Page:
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I tried to train my cats to use the toilet so you don't have to

Ally Hirschlag is a producer/actor/writer who lives in Brooklyn, NY and buys way too many toys for her cats. She contributes to several publications, including Bustle, and The Nerve, and enjoys writing about all things woman. In her spar...

Here's a handy guide to teaching your cats how to use the toilet (that may or may not work)

Training your cat to use a human toilet rather than a litter box may sound like a trick worthy of Houdini. However, according to several websites and cat-training accessory brands, with just a little time and effort, it can be a reality.

As a cat mother who's never been ecstatic about cleaning out the litter box, I was somewhat curious when I heard there were "surefire" methods to toilet training your cat. To be honest, they sounded far too good to be true, but since I live in a smallish apartment that doesn't get terribly good ventilation, I decided it couldn't hurt to attempt one. So in the name of science and smelly litter boxes everywhere, I decided to embark on a toilet training experiment with my somewhat dubious-looking cats.

Here's a handy guide to teaching your cats how to use the toilet (that may or may not work)
Image: Ally Hirschlag

MoreHow to get cat urine odor out of carpet

The experiment

Day 1:

There are a few different methods you can implement when attempting to toilet train your cat. One involves a not-so-inexpensive plastic training set you can buy online or in certain pet stores. It's essentially a plastic toilet seat made up of multicolored rings that you fill with litter and subsequently take away one by one as your cat becomes more comfortable with there being a hole in a human toilet.

I opted for the DIY version of this — using a piece of cardboard as the base and a plastic takeout container lid for the litter holder.

Here's a handy guide to teaching your cats how to use the toilet (that may or may not work)
Image: Ally Hirschlag

Essentially you're creating a somewhat sturdy base for your cat to stand on while he does his business. According to wikiHow, if your cat is toilet shy, you can start by putting their actual litter box next to the toilet, then gradually raise it up until it's level with the toilet, all the while gradually reducing the litter. Since my cats are always trying to get on the toilet, I opted for the shortcut method — I made the litter box part of the toilet immediately and gave them a step stool to make it easier/more enticing to get up there.

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Day 3: 

There has been a lot of investigation but no actual use of the litter box toilet as of yet. I did keep their second litter box normal because A) we have only one toilet, and B) I didn't want them to rebel completely and start peeing all over the floor. Let me just say right off the bat that I do not recommend doing this experiment if you have only one toilet in the house. It's been only two days, and my fiancé and I are already annoyed at having to take off the training apparatus every time we have to go to the bathroom.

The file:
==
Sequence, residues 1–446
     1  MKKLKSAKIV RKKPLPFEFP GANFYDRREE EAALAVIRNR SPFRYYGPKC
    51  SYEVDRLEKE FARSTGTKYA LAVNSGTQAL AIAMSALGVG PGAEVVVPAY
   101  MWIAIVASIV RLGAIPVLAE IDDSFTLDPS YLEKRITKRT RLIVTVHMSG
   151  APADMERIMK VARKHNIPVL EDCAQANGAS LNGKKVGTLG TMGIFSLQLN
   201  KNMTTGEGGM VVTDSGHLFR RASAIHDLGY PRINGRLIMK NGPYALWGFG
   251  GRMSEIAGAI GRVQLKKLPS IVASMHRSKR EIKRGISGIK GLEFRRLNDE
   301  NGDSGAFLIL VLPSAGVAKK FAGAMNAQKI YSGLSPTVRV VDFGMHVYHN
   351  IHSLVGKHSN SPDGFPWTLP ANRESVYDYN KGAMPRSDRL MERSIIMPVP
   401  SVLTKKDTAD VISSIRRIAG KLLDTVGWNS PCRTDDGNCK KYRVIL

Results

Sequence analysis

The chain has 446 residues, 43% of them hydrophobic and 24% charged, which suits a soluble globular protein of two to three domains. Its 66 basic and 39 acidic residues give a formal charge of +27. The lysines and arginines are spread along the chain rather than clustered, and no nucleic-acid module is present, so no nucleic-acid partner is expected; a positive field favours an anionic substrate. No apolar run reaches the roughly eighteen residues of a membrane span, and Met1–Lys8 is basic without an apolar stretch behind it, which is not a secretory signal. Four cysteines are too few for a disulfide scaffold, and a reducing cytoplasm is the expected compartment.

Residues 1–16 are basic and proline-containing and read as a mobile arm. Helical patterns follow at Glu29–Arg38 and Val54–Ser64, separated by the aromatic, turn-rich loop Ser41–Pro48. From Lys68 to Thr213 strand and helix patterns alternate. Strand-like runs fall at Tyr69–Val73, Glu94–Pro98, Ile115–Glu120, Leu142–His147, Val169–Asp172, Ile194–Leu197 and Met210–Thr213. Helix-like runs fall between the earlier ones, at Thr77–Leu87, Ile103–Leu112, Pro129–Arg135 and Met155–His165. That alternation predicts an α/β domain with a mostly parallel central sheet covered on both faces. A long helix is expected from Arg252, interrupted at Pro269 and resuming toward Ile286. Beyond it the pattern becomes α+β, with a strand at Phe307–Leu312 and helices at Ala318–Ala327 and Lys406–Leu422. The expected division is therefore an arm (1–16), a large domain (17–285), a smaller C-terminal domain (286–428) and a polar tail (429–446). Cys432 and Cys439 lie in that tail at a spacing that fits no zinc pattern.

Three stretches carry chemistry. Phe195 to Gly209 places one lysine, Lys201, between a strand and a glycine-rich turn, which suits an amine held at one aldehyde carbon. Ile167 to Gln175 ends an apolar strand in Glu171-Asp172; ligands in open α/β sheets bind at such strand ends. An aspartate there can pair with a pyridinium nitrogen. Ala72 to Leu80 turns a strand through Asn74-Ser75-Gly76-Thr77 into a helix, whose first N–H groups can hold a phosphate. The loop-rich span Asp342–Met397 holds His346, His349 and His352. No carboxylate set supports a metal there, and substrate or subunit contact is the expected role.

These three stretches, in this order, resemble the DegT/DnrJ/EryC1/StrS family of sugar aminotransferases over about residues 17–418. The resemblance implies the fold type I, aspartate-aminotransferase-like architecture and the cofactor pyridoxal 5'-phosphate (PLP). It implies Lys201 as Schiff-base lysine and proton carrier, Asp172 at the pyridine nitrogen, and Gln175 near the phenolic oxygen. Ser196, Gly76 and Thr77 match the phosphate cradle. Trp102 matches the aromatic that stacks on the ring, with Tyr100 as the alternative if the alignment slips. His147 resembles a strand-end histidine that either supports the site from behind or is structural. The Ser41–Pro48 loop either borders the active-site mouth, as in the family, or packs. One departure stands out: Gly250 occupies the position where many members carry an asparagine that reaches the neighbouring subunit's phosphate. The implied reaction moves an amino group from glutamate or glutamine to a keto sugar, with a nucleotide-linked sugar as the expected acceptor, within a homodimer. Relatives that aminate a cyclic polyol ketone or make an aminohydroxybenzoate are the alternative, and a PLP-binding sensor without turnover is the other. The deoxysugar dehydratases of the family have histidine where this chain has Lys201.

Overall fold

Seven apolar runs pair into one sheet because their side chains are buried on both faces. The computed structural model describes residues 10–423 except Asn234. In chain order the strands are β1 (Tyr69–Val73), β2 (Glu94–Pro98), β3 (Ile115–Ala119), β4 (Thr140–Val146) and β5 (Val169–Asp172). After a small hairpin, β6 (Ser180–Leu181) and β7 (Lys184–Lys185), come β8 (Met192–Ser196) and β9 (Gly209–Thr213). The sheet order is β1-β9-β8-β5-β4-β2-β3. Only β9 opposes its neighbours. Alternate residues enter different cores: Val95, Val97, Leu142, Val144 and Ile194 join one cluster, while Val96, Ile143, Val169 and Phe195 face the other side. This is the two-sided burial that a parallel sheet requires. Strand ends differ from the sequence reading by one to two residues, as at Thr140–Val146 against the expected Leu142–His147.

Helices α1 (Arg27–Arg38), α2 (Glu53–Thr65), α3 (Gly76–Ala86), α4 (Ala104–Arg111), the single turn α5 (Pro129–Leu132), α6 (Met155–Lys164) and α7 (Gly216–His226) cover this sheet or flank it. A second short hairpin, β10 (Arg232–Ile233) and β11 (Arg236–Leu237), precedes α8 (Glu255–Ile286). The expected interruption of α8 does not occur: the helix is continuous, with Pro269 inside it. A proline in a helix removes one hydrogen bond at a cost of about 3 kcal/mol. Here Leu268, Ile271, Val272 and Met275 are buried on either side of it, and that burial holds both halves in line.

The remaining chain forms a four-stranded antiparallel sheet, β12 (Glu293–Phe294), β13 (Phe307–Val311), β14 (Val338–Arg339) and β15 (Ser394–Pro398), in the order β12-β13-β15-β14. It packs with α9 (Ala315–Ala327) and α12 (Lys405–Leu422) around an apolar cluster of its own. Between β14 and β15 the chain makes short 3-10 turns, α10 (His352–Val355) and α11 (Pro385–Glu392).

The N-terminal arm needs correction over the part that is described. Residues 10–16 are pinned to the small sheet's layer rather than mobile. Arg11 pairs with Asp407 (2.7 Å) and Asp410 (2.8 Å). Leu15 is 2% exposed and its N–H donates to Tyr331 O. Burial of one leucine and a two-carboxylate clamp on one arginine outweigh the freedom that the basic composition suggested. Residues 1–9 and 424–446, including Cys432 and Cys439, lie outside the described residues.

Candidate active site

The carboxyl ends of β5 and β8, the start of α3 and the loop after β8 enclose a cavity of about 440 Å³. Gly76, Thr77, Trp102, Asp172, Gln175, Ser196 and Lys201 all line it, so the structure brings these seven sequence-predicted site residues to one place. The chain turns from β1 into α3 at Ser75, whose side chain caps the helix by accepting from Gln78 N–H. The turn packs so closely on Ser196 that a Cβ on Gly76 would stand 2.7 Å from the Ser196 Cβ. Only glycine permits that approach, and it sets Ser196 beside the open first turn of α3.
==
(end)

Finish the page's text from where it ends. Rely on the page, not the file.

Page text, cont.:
Here's a handy guide to teaching your cats how to use the toilet (that may or may not work)
Image: Ally Hirschlag

Day 5:

Success! We've had at least one cat use the training box for both pee and poop! I guess this is akin to what a proud mama feels like after her human baby goes potty for the first time. That said, there were more than one accident over the past couple of days. Our male cat has a tendency to pee in the corner of the bathroom when we change up the furniture, so that's definitely been happening more frequently. However, he loves a clean litter box, and I think that's what made him finally use the trainer, because we keep it immaculate.

Here's a handy guide to teaching your cats how to use the toilet (that may or may not work)
Image: Ally Hirschlag

Day 7:

Per the instructions, I have cut out a small hole in the center of the cardboard so the cats get used to the toilet water being under them. I've reduced the litter considerably so there's just about 1/4 inch on the cardboard. This, I'm sorry to stay, has stalled my cats' progress. They are now more fascinated with pushing litter into the hole than using the toilet trainer as a bathroom. However, someone did poop on the toilet lid, which leads me to believe there's still hope for this experiment.

Day 9: 

Little to no progress has been made. As a result, I've left the hole the same size, but the cats now seem to have gotten bored with their newfangled toilet and are predominantly using their other litter box. I've also noticed they're meowing a lot more now, perhaps out of confusion or frustration with the situation.

Conclusion:

I can see the potential for this experiment to be a success, but only after a much more prolonged trial period. I would also suggest taking the gradual steps wikiHow describes (start by moving the litter box near the toilet, and gradually up) rather than jumping steps like I did. I suppose I had more faith in my cats' curiosity than I should have.

It's difficult to imagine an animal as small and fussy as a cat being comfortable enough to squat over the relatively large opening in a human toilet. I have a feeling if I trained mine for long (and gradually) enough, they might do it, but the sound of things dropping in the toilet would probably end up either freaking them out or fascinating them too much.

So in conclusion, if you really can't stand cleaning the litter box, by all means give this a try, but to me, the process is much more annoying than scooping, and so far it hasn't paid off enough.

More: 6 Tips for cat ladies who hate kitty litter

Would you train your cats to use the toilet?

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